@INFO.POLICY: For the latest in privacy, look north

Robert Gellman

Our neighbors to the north recently re-leased a new and helpful tool for assessing the impact of government activities on privacy. The Privacy Impact Assessment from the Canadian government is a sophisticated guide to such assessments.

That's right. It's from Canada. Don't assume that something from Canada can't be relevant. The privacy establishment in Canada is at least a generation ahead of anything happening here, so show some respect. Most of the Canadian PIA can easily be applied to U.S. activities.

If you deal with information systems that affect personal privacy, you may already be familiar with the IRS' Privacy Impact Assessment. That PIA has been around for a few years and remains useful, but it is no longer a cutting-edge document.

The Canadian PIA consists of two documents. The first is too local to be of interest. It describes basic requirements and defines the roles of agency heads and other players.

The second document offers PIA guidelines, and it is definitely worth a look even though Canada has different privacy laws.

Canada's PIA calls for a four-step process. The first step is a determination whether to conduct a PIA at all. If an activity collects, uses or discloses personal information, then the PIA applies.

The second step calls for a data flow analysis. The analysis describes how data is collected, used, stored and disclosed. Creating a complete input-output diagram for personal data will likely reveal data uses that you didn't think of at first blush.

The third step is a privacy analysis. The Canadian guidelines include several lengthy questionnaires that help identify major privacy risks and vulnerabilities.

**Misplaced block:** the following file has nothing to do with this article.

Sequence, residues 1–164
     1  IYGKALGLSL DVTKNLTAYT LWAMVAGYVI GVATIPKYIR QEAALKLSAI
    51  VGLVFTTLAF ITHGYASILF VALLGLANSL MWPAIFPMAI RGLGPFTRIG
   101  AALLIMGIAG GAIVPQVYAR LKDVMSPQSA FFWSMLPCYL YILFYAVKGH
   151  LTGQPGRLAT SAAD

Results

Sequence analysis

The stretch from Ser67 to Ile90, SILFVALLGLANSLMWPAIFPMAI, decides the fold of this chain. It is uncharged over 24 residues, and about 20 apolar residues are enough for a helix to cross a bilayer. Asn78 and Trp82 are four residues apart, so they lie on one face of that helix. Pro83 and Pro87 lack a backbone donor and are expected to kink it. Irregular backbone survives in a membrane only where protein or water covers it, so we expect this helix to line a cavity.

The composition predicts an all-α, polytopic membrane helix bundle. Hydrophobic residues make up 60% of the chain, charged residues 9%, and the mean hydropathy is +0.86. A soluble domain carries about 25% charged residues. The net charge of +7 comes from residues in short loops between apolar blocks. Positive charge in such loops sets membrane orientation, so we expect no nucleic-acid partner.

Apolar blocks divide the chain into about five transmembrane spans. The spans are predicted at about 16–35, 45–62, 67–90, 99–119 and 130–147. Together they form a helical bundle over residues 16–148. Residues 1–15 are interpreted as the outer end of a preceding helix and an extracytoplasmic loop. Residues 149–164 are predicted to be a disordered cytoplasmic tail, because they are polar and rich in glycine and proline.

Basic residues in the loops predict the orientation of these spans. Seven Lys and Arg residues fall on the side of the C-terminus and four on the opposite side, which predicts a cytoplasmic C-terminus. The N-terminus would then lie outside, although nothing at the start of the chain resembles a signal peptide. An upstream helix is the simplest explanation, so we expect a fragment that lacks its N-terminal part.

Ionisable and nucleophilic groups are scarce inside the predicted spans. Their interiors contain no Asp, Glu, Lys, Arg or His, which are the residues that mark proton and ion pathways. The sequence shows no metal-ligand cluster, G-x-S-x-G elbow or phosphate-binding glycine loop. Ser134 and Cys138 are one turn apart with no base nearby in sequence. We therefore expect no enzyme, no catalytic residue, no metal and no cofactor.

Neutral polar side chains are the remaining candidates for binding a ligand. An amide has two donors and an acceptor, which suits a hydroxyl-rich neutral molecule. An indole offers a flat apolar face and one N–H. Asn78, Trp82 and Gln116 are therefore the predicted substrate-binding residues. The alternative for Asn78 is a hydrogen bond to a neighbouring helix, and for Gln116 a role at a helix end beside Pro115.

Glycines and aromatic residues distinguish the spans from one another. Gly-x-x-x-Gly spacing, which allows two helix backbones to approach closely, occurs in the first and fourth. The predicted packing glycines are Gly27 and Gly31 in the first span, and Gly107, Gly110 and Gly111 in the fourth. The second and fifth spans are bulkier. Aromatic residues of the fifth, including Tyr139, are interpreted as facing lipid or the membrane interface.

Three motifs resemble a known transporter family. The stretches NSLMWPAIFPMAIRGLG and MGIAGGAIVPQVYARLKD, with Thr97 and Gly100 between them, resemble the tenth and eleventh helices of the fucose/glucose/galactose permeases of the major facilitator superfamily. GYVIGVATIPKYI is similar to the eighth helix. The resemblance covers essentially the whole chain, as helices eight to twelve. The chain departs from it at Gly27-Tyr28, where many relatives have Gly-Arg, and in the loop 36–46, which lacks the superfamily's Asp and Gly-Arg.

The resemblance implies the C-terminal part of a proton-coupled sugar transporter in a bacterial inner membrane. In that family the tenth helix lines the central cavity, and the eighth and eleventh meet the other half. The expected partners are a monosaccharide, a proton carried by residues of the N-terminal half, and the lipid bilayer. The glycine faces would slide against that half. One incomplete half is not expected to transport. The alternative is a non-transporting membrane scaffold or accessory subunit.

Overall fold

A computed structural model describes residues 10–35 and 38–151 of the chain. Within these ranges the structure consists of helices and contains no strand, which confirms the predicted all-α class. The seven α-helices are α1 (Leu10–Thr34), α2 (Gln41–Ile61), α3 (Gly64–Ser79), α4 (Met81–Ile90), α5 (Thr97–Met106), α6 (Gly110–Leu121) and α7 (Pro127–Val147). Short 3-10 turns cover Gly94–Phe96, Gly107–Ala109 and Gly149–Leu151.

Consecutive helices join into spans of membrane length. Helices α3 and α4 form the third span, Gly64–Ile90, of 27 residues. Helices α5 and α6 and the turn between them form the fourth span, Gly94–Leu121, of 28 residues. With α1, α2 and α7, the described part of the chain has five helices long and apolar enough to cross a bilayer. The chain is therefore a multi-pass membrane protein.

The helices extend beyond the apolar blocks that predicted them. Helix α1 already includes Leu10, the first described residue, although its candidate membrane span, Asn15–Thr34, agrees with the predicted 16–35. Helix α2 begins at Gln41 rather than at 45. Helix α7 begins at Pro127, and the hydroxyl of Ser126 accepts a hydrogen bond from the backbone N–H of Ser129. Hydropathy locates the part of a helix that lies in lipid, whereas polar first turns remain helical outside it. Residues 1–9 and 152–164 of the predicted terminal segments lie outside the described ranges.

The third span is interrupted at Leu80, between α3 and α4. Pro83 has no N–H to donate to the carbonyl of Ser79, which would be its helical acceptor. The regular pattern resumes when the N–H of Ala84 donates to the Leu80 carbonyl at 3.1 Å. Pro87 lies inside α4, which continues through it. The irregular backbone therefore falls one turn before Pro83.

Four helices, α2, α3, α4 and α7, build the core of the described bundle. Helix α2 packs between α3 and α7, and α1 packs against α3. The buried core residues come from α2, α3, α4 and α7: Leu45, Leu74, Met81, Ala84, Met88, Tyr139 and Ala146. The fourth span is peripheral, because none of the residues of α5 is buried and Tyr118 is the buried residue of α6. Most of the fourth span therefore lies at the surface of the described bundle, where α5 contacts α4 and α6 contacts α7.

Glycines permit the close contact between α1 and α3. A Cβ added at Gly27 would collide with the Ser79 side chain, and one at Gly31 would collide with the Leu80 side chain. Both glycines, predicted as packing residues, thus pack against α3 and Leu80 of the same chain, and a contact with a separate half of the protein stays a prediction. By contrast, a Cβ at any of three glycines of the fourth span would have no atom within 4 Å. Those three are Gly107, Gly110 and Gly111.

The last step is the creation of a privacy impact assessment report, which contains a documented evaluation of the privacy risks and strategies that will reduce or mitigate those risks.

The Canadian guidelines are so good because they offer lots of detail. Separate sets of questionnaires cover federal activities and cross-jurisdictional activities. Basic principles are broken down into detailed issues for evaluation.

The privacy guidelines also recognize that a PIA must be a cooperative process requiring different skills and players. One size does not fit all. The PIA process is intended to be adapted to fit a particular application. That's why it will also work for U.S. activities.

Canadian privacy law differs in some ways from the U.S. Privacy Act of 1974. But the differences are not that important when figuring out how a government program will affect privacy. Many privacy principles work more or less the same way at the assessment stage.

The PIA comes from the Treasury Board, Canada's equivalent of the Office of Management and Budget. Maybe OMB should take a lesson here and be a little more direct on Privacy Act implementation.

Find the Canadian privacy documents at www.tbs-sct.gc.ca/pubs_pol/ciopubs/pia-pefr/siglist_e.html in English, or in French'in case you feel the urge to evaluate privacy en francais.

Robert Gellman is a Washington privacy and information policy consultant. E-mail him at rgellman@netacc.net.

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